Yesterday, a federal appeals court “appeared skeptical of and sometimes hostile” towards the Bush administration’s argument that legal challenges to the NSA’s surveillance programs should be dismissed on “state secrets” and national security grounds, with one judge saying the government’s argument was tantamount to “the king can do no wrong.”
“The bottom line” of the administration’s argument “is the government declares something is a state secret, that’s the end of it. No cases,” said Judge Judge Harry Pregerson. “The king can do no wrong.”
1) A program where AT&T allegedly provides “the NSA its customers’ phone and Internet communications for a vast data-mining operation,” in a program that “the government has not acknowledged,” but plaintiff’s lawyers call a “content dragnet.”
2) A program disclosed by The New York Times in December 2005, which the administration calls the Terrorist Surveillance Program,” where the NSA bypasses “court warrants in monitoring international communications involving people in the United States.”
Federal lawyers argued that “almost nothing about the substance of the government’s conduct could be talked about in court,” but that the judges must give executive branch claims of state secrets the “utmost deference.”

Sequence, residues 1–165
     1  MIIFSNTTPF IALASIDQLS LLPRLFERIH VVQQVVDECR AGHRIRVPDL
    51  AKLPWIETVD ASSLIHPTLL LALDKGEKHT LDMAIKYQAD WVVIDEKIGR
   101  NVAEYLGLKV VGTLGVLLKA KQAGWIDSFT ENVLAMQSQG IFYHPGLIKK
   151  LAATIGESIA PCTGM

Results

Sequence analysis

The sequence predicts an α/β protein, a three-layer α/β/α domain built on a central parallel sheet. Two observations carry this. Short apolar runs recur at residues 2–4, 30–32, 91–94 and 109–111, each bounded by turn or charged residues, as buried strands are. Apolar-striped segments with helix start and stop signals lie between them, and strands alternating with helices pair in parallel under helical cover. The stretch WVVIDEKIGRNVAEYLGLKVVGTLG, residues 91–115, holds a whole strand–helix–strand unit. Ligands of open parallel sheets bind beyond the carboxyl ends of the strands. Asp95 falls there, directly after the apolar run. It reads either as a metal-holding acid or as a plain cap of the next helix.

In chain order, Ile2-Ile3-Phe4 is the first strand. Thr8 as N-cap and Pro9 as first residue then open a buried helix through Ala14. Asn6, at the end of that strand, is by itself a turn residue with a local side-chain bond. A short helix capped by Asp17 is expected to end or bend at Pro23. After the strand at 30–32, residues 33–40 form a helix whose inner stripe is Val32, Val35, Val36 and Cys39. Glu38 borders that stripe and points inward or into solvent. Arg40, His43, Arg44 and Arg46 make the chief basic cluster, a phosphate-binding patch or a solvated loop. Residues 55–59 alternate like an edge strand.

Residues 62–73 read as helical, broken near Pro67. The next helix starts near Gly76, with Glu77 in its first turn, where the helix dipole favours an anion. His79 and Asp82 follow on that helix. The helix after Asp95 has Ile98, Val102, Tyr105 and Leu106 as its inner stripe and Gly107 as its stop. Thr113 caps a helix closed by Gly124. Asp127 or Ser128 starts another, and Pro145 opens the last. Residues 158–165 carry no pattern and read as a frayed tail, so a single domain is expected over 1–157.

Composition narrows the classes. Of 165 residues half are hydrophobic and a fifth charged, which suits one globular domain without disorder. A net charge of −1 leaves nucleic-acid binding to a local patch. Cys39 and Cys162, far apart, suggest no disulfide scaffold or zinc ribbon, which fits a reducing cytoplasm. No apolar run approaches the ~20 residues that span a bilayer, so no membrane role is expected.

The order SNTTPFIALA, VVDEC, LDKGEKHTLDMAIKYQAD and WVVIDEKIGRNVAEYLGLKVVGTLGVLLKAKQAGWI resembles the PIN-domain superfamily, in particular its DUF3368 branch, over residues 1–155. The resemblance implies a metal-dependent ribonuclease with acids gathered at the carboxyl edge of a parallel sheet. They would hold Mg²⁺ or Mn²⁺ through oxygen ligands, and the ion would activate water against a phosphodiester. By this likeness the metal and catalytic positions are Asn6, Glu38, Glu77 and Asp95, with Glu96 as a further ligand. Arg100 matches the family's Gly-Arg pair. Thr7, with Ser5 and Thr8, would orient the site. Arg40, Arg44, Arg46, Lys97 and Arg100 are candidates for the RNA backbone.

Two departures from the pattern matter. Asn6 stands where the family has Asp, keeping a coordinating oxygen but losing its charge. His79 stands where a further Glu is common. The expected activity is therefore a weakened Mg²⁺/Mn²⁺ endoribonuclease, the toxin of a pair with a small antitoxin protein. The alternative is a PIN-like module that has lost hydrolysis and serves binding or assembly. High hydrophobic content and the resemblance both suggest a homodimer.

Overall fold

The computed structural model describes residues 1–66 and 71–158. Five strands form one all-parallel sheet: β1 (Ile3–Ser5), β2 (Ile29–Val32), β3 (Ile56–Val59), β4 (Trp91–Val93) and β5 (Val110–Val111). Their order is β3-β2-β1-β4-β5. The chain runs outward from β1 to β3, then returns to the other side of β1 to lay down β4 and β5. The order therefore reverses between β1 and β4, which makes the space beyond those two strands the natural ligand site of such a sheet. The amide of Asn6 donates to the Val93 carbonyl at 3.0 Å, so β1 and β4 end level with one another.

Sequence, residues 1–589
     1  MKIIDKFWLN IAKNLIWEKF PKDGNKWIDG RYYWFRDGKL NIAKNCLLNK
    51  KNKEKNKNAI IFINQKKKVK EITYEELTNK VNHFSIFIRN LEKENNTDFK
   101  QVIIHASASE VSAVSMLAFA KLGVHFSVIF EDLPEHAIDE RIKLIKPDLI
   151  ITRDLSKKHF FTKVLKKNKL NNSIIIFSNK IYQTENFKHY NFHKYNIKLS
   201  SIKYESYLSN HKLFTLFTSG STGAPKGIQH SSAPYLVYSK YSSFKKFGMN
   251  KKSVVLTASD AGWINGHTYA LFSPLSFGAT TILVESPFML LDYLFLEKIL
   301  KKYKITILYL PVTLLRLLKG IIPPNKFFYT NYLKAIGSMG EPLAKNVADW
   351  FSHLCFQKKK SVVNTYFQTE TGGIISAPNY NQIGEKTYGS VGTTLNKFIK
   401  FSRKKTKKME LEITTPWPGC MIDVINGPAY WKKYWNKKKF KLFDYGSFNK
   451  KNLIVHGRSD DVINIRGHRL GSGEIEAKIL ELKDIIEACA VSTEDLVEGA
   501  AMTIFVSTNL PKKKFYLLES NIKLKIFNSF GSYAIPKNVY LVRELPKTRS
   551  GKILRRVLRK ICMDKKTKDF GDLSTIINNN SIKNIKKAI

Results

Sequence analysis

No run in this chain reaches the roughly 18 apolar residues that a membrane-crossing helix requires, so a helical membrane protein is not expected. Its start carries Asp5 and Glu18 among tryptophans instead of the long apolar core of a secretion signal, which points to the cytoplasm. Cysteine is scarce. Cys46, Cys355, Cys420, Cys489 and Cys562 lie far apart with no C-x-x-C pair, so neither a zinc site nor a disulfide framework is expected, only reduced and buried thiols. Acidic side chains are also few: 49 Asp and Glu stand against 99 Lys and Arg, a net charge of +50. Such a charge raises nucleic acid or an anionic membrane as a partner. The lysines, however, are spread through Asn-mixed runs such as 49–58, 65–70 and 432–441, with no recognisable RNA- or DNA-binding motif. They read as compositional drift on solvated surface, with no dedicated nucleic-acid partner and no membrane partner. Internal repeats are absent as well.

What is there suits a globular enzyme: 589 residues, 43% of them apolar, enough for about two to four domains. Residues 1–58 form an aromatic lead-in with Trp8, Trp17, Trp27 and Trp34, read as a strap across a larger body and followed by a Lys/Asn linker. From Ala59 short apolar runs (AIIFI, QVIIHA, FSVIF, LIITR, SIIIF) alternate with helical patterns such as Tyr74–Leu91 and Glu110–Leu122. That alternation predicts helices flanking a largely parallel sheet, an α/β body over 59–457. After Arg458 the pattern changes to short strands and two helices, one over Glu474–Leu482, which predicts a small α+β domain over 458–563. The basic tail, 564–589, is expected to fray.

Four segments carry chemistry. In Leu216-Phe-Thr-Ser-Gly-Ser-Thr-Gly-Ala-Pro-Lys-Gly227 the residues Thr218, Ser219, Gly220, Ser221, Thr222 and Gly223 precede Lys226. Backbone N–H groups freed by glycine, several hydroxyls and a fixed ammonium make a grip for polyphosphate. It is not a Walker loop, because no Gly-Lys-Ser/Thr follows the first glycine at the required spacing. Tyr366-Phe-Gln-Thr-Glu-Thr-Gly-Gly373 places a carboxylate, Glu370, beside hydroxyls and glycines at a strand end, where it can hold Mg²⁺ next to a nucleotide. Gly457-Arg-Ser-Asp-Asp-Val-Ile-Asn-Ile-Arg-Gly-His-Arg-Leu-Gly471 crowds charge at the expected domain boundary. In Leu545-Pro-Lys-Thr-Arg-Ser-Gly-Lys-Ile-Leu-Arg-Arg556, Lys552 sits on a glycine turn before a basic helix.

The three judges on the court were unsatisfied with the argument, offering various stinging comments and rebuttals:
- “Is it the government’s position that when our country is engaged in a war that the power of the executive when it comes to wiretapping is unchecked?” asked Pregerson.
- “This seems to put us in the ‘trust us’ category. ‘We don’t do it. Trust us. And don’t ask us about it,’” said Judge M. Margaret McKeown.
- “Every ampersand, every comma is top-secret?” queried Judge Michael Daly Hawkins about a withheld document.
- “”Are you saying the courts are to rubber-stamp the determination of the executive of what’s a state secret? What’s our job?” asked Pregerson.
- “I feel like I’m in Alice and Wonderland,” observed McKeown.
When Deputy Solicitor General Greg Garre argued that “other avenues” than the court system were the proper forum for complaints about government surveillance, Pregerson shot back: “What is that? Impeachment?”
Wired liveblogged the hearing here.